P. annularis tends to form nests in crowded clumps due to the constraint of suitable nesting sites with overhangs that minimize sunlight exposure, have minimal flooding, and are near a body of water. Consequently, nests often are formed in crowded aggregations on the same overhang. One cost of this crowding is the direct reproductive competition between colonies in the form of usurpation of a colony queen by a female from another colony. As a result, the original queen may be fought to the death, until being banished by the colony, or until becoming a reproductive subordinate. Unlike suggested by selfish herd, no advantage is seen for a colony to be in the center of the aggregation, further from predators. For comparison, the temperate species Ropalidia plebeiana from Australia that also forms nest aggregations tends to gain joint protection from predators for the entire aggregation.[43] Instead, the cost of reproductive competition for colonies in the center of the aggregation is increased relative to colonies closer to the edge. Also, no advantage exists for a new colony to be established in close proximity to its preceding natal colony.[4]


As with many other species in the Hymenoptera, as well as other polistine wasps,[44] P. annularis has been noted to engage in altruistic behavior. For example, despite the lack of drastic morphological differentiation between workers and foundresses, and the benefits procured by a worker becoming a foundress on a new nest, a worker may lay less than 10% as many eggs as her queen, independent of the number of females on the nest. This results in vastly decreased inclusive fitness for the worker and greatly increased inclusive fitness of the foundress, even if the sisters are related by a factor of 0.75, the maximum possible relatedness for outbred sisters. The workers acting in such a manner may create a direct cost upon which selection can act. However, evidence for this has been scant, and researchers are currently investigating why and how such levels of altruism are sustained in P. annularis.[45]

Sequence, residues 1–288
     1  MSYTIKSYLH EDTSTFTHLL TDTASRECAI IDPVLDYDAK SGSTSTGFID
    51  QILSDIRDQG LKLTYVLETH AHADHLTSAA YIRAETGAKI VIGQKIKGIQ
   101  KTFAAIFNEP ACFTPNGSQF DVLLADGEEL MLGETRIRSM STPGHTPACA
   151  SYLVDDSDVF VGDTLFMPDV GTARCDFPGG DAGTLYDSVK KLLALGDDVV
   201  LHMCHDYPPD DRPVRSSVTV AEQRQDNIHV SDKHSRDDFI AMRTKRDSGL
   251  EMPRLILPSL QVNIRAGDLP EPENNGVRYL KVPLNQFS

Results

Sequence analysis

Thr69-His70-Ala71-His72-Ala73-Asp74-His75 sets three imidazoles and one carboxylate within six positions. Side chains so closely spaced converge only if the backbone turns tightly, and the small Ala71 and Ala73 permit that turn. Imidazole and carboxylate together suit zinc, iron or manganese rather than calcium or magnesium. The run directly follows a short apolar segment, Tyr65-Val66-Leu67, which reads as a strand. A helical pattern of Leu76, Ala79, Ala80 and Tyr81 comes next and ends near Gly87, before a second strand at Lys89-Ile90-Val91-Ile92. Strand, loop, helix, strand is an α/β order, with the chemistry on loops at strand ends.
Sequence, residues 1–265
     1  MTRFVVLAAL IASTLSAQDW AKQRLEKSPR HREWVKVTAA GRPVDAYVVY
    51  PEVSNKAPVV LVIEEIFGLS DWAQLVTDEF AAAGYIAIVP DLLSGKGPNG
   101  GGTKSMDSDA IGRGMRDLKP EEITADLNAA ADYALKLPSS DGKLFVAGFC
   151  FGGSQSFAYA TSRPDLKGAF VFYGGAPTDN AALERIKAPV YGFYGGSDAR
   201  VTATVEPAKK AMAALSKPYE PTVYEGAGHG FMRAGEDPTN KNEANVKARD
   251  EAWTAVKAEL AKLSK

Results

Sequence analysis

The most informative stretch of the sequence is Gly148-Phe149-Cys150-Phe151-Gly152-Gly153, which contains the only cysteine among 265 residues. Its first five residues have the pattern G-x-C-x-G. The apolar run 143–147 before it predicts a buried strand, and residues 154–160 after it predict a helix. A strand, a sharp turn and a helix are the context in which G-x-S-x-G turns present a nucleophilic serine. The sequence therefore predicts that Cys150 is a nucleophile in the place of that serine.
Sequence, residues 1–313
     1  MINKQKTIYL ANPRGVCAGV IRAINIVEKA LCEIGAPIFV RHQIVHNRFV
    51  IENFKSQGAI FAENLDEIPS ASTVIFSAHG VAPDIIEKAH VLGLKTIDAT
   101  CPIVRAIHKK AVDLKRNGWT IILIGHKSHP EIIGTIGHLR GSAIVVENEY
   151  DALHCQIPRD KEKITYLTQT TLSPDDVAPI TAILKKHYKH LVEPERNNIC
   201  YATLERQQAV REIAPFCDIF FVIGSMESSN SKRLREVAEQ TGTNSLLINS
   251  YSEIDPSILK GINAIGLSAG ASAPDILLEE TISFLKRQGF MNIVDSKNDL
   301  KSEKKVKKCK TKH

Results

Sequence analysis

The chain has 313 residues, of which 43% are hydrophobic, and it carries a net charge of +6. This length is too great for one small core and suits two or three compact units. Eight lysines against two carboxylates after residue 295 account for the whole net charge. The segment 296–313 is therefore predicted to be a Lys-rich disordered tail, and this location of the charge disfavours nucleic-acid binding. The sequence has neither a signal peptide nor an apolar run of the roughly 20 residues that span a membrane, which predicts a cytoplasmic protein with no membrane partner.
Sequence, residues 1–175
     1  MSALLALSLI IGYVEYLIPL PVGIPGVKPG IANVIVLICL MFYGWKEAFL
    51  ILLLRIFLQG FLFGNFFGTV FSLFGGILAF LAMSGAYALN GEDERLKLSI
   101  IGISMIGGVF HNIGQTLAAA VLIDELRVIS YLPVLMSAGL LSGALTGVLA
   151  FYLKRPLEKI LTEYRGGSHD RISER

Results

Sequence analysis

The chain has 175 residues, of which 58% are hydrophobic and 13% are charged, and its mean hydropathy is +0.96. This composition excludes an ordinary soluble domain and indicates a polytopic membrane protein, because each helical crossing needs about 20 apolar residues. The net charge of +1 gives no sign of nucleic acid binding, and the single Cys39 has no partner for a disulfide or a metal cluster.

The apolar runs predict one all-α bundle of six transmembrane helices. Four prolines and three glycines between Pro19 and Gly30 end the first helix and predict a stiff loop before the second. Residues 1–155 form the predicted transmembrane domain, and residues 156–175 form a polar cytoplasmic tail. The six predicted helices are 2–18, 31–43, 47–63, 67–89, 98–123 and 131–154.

Interaction with other species[edit]

Birds often try to knock nests of P. annularis off of their overhanging, and colonies that hang low toward the ground can be attacked and eaten by raccoons.[4] During the warmer days of winter, wasps returning to their natal nest for honey are exposed to attack from other members of the species, wasps of other species including yellowjackets, and from mammals. However, Polistes species have evolved to hide their nests from most mammals or put them in areas as to make them inaccessible. Invading insects are attacked. Despite the fact that birds are common enemies of polistine wasps, none has been observed attacking nests for honey.[7] The principle predators are ants, so the pedicel of the nest contains lipids that provoke a necrophoric response from ants, protecting the nest from ant invasion.[17] It is parasitized by Elasmus polistis and the moth Chalcoela iphitalis.[4] P. annularis defends itself and its nest from threats with its sting, and the antigen 5 in their venom is a major allergen.[5]

See also[edit]